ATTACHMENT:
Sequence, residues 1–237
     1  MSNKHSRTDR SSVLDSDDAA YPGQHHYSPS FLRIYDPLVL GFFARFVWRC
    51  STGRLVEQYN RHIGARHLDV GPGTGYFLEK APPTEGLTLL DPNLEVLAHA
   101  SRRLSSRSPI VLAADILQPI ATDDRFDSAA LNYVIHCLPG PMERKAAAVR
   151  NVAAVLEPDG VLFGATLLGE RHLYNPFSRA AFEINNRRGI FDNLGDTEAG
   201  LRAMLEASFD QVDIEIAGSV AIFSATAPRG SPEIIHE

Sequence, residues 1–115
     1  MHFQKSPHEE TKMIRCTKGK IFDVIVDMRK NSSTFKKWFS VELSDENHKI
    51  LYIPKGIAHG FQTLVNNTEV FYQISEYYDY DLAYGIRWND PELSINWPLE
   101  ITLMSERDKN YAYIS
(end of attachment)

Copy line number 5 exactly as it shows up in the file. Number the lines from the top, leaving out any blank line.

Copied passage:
   151  NVAAVLEPDG VLFGATLLGE RHLYNPFSRA AFEINNRRGI FDNLGDTEAG